Ian Williams leads pack amid tough conditions in the Monsoon Cup


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The Independent Online

It’s called the Monsoon Cup, not because it is regional, but because it is real. It rains and rains and rains and when it has done that it rains some more. And it blows. Gusts up to 40 knots of northerly wind whipped up the arena in front of the Ri-Yaz Heritage hotel and marina which hosts the finale of the World Match Racing Tour.

But it can switch off in minutes to create a driftathon and there is also a steady stream of debris being carried down by swollen tributaries into the South China Sea. Watch out for whole fallen tress.

Like watching golf in a blizzard, when it was bad it made a mockery of the current fad for ‘stadium sailing’ but, as this regatta counts for points and a half, the Malaysian monsoon will decide the 2011 world champion and competitors care not a jot about a soaking. Anyway, it is warm rain.

Leading the pack into Terengganu was Britain’s Ian Williams and his UK-founded, Swedish via the Middle East-funded, two American, three British-crewed Team GAC Pindar.

Williams has been world champion twice before but he has seen the mighty tumble and was all too aware of the need to navigate with care the round robin, which selects the eight from 12 which go into the knockout quarter finals.

It didn’t start well as he went down first race in filthy conditions to multiple champion and event impresario Peter Gilmour. Neither could see the top rounding mark, not cold the race officer and nor could the umpires but the Australian, who also played a part in bringing next month’s world championships of sailing to his native Perth, then notched up an easy victory against local representative Jeremy Koo.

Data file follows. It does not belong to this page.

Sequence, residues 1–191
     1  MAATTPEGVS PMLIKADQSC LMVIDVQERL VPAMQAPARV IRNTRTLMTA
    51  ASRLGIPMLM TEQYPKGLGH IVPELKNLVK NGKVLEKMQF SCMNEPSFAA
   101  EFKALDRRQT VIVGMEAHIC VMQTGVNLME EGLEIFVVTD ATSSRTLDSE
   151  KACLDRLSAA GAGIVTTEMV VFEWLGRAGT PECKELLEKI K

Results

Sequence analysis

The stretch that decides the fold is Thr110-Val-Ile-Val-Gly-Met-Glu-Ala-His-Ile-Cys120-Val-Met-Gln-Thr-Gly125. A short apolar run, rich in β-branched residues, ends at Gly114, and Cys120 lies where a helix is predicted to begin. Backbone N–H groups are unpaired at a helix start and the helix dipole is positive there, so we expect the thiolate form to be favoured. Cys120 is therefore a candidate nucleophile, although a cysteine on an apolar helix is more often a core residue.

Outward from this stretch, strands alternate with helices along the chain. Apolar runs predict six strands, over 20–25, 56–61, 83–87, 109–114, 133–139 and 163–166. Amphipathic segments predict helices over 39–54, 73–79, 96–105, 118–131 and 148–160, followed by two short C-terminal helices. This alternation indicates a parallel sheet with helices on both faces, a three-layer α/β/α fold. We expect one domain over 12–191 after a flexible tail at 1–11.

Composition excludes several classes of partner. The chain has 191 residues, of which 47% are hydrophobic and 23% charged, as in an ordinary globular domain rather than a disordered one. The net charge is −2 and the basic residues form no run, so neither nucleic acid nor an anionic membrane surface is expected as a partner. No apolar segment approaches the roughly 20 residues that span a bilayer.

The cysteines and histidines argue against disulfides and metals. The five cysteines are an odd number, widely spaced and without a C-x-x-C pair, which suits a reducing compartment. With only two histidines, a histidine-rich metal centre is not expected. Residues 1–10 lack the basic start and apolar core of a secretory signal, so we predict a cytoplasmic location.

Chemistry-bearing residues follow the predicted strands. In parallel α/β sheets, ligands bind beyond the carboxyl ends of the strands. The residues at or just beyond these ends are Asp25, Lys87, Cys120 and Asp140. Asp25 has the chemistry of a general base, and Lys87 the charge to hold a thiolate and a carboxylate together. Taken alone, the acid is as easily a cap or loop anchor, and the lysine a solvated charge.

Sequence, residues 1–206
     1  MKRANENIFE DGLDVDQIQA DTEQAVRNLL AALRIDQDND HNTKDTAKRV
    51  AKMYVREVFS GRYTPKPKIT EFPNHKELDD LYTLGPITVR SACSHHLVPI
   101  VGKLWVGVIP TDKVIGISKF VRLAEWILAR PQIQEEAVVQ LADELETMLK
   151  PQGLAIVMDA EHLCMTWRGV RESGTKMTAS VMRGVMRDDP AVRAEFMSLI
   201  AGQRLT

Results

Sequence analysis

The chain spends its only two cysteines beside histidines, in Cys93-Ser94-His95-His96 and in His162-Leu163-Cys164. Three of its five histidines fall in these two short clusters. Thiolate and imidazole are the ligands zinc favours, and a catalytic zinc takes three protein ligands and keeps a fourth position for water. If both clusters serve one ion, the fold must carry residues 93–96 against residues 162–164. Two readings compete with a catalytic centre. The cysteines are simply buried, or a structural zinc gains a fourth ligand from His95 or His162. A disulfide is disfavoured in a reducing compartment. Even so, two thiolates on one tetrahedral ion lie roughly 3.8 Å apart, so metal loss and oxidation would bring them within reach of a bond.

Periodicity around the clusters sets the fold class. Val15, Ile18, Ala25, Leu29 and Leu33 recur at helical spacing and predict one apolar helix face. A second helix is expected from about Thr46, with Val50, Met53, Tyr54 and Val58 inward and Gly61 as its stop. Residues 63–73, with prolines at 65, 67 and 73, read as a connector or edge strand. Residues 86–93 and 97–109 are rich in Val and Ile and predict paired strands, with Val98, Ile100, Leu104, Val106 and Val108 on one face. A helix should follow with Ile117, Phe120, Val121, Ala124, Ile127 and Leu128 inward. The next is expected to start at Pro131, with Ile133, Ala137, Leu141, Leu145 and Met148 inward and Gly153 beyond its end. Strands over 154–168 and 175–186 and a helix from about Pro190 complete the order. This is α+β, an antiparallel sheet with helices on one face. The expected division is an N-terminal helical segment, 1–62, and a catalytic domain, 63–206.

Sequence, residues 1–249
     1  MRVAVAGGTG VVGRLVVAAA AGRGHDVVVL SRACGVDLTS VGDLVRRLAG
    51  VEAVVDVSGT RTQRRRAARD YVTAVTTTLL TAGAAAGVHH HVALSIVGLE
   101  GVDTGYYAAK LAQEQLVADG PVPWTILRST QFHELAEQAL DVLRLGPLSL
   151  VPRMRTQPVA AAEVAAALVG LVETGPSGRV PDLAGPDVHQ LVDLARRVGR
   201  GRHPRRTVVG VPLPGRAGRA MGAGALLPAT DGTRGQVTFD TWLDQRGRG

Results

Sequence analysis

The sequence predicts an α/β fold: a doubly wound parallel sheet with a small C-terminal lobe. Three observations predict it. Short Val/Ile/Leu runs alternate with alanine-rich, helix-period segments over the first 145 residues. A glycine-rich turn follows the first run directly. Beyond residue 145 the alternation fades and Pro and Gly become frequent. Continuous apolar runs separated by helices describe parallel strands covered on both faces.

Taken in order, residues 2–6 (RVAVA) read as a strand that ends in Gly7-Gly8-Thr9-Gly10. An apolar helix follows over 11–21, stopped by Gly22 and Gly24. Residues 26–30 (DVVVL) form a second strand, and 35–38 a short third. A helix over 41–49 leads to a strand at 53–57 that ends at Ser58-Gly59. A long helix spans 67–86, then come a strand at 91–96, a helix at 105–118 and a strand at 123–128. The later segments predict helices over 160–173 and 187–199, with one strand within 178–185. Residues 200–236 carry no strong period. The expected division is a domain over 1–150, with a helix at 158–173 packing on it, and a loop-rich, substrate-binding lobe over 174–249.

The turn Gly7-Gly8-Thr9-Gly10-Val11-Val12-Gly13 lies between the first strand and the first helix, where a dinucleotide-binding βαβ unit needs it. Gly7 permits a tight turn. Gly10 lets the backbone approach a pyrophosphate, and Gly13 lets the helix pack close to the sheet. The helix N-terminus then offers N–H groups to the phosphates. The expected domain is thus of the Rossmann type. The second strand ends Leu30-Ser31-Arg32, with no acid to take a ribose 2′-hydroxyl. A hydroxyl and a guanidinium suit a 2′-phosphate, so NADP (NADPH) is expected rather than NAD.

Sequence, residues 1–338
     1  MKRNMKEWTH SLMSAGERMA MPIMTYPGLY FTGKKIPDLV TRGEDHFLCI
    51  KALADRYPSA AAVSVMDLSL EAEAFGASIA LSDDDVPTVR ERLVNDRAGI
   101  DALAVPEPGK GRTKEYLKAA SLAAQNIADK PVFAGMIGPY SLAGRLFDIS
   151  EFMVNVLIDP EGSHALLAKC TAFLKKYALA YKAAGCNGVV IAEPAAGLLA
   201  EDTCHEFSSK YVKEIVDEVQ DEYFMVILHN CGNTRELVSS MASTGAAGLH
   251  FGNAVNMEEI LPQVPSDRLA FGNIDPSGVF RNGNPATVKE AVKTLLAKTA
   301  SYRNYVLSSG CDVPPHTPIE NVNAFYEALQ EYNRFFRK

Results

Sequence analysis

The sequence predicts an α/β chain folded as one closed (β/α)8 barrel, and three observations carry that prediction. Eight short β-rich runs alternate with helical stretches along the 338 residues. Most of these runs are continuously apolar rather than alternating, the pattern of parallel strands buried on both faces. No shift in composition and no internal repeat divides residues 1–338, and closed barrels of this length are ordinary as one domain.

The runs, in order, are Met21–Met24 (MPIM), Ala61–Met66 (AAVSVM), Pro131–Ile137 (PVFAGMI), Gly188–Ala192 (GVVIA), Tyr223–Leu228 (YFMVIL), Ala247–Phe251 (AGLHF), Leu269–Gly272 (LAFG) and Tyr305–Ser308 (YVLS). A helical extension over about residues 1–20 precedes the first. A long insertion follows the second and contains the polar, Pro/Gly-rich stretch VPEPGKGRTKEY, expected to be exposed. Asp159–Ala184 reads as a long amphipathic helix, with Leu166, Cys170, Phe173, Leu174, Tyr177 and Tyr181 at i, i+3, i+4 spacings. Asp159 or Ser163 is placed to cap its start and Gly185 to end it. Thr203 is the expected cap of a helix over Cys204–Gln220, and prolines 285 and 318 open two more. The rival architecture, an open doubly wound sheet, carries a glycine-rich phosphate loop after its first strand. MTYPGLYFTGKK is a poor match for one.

In theory out of the running himself for another title, he could affect the chances of the current top three, Williams, Italy’s Francesco Bruni, six points behind and just 0.2 of a point ahead of another W. Australian, Torvar Mirsky, skippering Muscat’s The Wave team.

Early afternoon, the rain had stopped, the breeze was below 10 knots and the track favoured going right. It didn’t last and another squall picked up strength during Williams’ pre-start manoeuvring against Sweden’s Bjorn Hansen. Under pressure Williams fouled Hansen, had to take, immediately, a penalty for the advantage he had gained, and it was raced two, lost two.

Not that many people saw it through the deluge, but the problem for Williams is that he is already losing the chance to be top scorer in the round robin, which brings the bonus of an automatic place in the semi-finals instead of having to fight for it in the quarters.

With less than 2,000 miles to run to the finish of the first leg of the Volvo round the world race from Alicante to Cape Town, Spain’s Telefonica, skippered by Iker Martinez, has hooked into the westerlies and has a 100-mile lead over the second Spanish boat, Camper, skippered by Australian Chris Nicolson but crewed largely by a squad from Team New Zealand. Third, another 200 miles astern, is Franck Cammas of France in Groupama as the other three entries, the dismasted American boat Puma, Abu Dhabi’s dismasted Azzam, and the damaged Sanya of China make their way to the repair sheds in South Africa.

MONSOON CUP: Round robin; Day 1; B Hansen (SWE) 3-0; J Berntsson (SWE) 2-0, W Tiller (NZL) 2-1, P Gilmour (AUS) 2-1; T Mirsky (AUS) 1-0, J Radich (DEN) 1-1, P Robertson (NZL) 1-2; D Iehl (FRA) 0-1; I Williams (GBR) 0-2, M Richard (FRA) 0-2; J Koo (MAS) 0-3.